Today, we speak with Samantha from Samanthaenroute, who shares ways we can foot our travel bills in non-English speaking countries, and the extraordinary connections we make through meeting ordinary people on the road!
1. What’s your name, age, occupation and country you are from?
My name is Samantha, I’m 26 years old and from the USA. I blog over at .
2. Why did you decide to study overseas?
I was in my fourth and final year of my undergraduate, getting a BA in Psychology and minoring in Spanish. I was just about to apply for graduation when I thought that maybe I could utilize my Spanish minor a little bit. I never thought I’d have time to study abroad but always dreamed of it, so I decided to take a fifth year and study abroad in Spain. The best part was that because I had already been learning Spanish for four years and I had all my graduation requirements done, I could focus on traveling and improving my Spanish instead of worrying about taking hard classes while there. So I took easy classes all in Spanish, lived with local students who spoke no English, and visited a new city each weekend!
3. In which country did you study and how long?
I studied in Santiago de Compostela, Spain. It’s in the northwest (where the rain mainly stays!) and was perfect because it truly felt like another country. Some bigger cities, like Madrid, have become so commercialized and English-speaking, so I’m really glad I chose a smaller city. I lived there for nine months, which was the toughest but best thing I’ve ever done for myself.
4. Share a favourite photo taken while you were studying abroad!
5. Have you done something during this trip that surprised yourself?
I had never considered travelling solo before, but I’ve always been a bit of an introvert, so when nobody wanted to come to Rome with me for spring break (really) I was more than happy to go by myself! It was the best week of my life because I got to plan everything I wanted to do without having to worry about others and I learned that I can make it in a foreign country, without knowing anyone or even the language, on my own and be just fine.
6. What was the best thing that happened to you on this trip?
It was amazing visiting a new city every weekend, but the best part was visiting several family members and making lifelong friends from all over Europe. I visiting cousins/aunts/uncles in England, Switzerland, and even in Murcia, Spain – having that familial connection ended up being super important and I miss them all terribly. I’ll also never forget movie nights with my roommates and visiting their amazing families, going to clubs with all the other foreign students, and getting our daily tea or ice cream after teaching English to little brats (we all took a small job with one English school – it paid my rent!).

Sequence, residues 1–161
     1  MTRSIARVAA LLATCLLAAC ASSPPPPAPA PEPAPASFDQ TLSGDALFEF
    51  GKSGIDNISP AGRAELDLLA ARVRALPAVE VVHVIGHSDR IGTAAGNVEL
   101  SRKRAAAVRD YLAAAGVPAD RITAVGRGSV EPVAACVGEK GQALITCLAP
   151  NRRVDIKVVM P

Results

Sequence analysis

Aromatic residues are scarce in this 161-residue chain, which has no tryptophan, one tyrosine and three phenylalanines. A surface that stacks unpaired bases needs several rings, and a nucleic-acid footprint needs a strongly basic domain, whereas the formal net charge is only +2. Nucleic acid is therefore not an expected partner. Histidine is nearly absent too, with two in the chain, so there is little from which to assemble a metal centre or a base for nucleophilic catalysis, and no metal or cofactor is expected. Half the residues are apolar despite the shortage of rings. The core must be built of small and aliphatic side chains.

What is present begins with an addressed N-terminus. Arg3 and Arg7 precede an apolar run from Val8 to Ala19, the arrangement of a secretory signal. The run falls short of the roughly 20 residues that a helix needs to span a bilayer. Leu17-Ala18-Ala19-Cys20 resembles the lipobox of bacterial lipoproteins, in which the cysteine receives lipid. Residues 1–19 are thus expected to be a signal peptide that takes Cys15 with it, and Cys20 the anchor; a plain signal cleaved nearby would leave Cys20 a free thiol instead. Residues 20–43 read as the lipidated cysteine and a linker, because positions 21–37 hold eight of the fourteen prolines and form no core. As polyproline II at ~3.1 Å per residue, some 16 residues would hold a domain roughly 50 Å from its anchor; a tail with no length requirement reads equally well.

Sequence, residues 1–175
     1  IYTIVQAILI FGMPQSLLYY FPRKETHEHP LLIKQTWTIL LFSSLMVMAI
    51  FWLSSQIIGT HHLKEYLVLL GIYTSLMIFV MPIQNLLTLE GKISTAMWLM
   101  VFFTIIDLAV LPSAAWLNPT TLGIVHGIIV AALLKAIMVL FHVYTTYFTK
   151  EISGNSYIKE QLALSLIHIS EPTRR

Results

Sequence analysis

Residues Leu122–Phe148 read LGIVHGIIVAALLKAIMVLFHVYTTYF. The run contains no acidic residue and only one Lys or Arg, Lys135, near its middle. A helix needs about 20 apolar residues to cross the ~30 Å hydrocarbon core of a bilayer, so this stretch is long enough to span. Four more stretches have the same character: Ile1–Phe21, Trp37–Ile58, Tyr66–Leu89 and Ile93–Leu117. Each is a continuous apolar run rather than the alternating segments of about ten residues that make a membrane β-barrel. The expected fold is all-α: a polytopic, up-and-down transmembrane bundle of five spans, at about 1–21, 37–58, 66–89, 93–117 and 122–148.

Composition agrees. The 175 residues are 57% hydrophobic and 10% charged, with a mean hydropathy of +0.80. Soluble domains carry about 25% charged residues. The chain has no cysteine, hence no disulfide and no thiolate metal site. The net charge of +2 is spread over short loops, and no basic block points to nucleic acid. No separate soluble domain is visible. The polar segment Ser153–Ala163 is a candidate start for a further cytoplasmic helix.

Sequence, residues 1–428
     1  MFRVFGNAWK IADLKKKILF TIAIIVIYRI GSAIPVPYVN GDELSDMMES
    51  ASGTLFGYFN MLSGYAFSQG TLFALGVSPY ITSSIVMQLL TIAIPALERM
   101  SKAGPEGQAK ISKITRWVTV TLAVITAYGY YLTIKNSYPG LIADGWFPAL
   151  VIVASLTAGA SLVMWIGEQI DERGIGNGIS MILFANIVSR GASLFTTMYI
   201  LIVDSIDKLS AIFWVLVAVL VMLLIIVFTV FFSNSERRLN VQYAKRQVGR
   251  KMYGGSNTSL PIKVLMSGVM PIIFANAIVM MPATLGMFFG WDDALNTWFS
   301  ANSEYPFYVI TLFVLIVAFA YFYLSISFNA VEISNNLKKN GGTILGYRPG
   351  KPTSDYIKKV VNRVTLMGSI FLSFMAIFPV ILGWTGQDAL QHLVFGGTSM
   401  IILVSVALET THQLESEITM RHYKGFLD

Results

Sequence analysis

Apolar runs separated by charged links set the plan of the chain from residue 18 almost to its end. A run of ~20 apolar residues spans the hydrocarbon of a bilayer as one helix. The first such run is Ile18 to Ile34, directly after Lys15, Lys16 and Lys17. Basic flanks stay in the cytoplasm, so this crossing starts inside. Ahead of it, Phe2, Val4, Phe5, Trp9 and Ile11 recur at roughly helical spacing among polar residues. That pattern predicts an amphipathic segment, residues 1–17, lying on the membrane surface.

7. How did you overcome a challenge that you faced while you were overseas?
I got homesick after a couple months and was having trouble adjusting. I just told myself that I wouldn’t be there forever and to make the most of it. Eventually, of course, I grew to love it and now that I haven’t been in Santiago for a few years I miss it terribly and would love to go back. My main thing was to just keep myself looking forward to something, so I made sure to have somewhere to travel every few weeks and it kept my spirits up.
8. What’s your favourite travel website, whether it be for travel planning or travel inspiration?
I follow several travel blogs but I have to shout out to my girl Richelle at www.adventuresaroundasia.com. I need to get to East Asia and I love reading her posts about her life in Beijing and fun (and not so fun) she’s had since she’s been there. She’s just so honest and relatable and it makes for such a fun read.
9. If you had 2 tips you could share from your study abroad experience to students feeling apprehensive about taking this leap, what would they be?
Just do it. What do you have to lose? You don’t have to stay for the whole year and it’ll be over before you know it. Everyone I know who didn’t study abroad says that they wish they did, and I’m so glad I made that decision.
Another tip to help get excited, assuming you’ll be in Europe, is to check out how cheap it is to fly to your favourite cities. You probably don’t need as much money as you think, and if you go to a non-English speaking country it’ll be super easy to get a small English gig to help pay off travel bills. Stay in hostels, take RyanAir, pack light, and you can get around with confidence that you won’t break the bank.
To find out more about her adventures, you can connect her on Facebook, Twitter and Instagram.
Student Travel Series seek to showcase travel stories from students, for students. The aim of this series is to inspire more youths and students to take the leap and discover a world outside of your own!
What do you feel about Samantha’s story? Let us know below!